I decided it was time to gather some intelligence. I rose from my chair and walked slowly over to the nearby photocopier, stealthily surveying the area from which the sound had originated. What I saw stopped me dead in my tracks, for it was more stupefying than anything I had imagined…it was an artifact from decades long gone; something I had heard tales of but never actually observed in the corporate wild.

My mouth went dry. Could it be true? I adjusted my glasses for a better look. Yes, indeed; to my left, on the other side of the cubicle wall from where I had been sitting was the office equivalent of the dodo bird:  a 10-key adding machine, complete with paper roll.  I watched in amazement as the lady seated in front of the adding machine tore off the paper containing her latest calculations and attached it to a file. Frozen in place by the scene before me, my mind debated if it would be more appropriate to contact Ebay or an archeologist.

When the shock subsided and I had gathered my wits, it became clear to me that the nickname Dungeon was more appropriate than I had imagined. While I was able to leave the office at night and go sit in traffic, these poor employees hadn’t been set free in years. This explained why, when I visited this location, they were always there when I arrived in the morning and were still sitting in the same spots when I left in the evening. With that kind of confinement, of course they had no idea that Excel had been invented. It seemed that the humane thing to do would be to enlighten them, but before I could act, an even deeper truth rocked me. I realized that by living in a time capsule free of the burdens of modern technology, this group didn’t have to continually devise creative schemes to outwit IT. Obviously it was I not them who needed to be enlightened.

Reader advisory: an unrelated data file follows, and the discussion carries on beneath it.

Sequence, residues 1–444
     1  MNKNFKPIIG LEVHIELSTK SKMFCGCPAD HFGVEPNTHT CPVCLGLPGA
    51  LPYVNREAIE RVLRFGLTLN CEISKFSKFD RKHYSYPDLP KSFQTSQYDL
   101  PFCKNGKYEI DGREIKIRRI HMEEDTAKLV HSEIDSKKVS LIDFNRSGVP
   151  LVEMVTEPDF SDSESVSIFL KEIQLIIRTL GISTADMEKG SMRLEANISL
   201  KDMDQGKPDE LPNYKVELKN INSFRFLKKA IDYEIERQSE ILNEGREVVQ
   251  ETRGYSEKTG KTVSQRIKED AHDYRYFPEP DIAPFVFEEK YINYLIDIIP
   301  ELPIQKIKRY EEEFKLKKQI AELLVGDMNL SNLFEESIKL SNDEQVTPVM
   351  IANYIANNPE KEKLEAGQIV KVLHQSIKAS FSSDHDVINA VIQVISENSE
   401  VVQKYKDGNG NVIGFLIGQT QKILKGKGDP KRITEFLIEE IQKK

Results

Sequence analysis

As I snuck back to my seat on the other side of the wall, I felt newly invigorated. There was a solution to my data issues after all. The next day I started searching the internet for an adding machine of my own.

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Clarence, Pilot of the Shuttle Bus

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I recently went to a work-related conference in Orlando with my colleague Brenda.  We spent our days networking and our evenings blowing money at Downtown Disney and the nearby outlet mall. It was a fun-filled experience all around, even down to the shuttle bus ride back to the airport at the end of the conference.

Now, I realize that one wouldn’t normally think of a shuttle bus ride as entertaining, however Clarence was not your average shuttle driver and this was not your average shuttle ride. Unlike the staid, monotone shuttle driver who escorted us to the hotel when we arrived in Orlando, Clarence saw himself as an airline pilot, flight attendant and tour guide wrapped in one.

As soon as we pulled out of the hotel parking lot, he grabbed the microphone and began giving us what was obviously a practiced, albeit somewhat unintelligible, spiel in broken English. He first explained how to adjust the seat backs to maximize our comfort. Next, he pointed out the lavatories located at the back of the bus, should any of us be unable to make it without a bathroom break for the duration of the ride (20 minutes).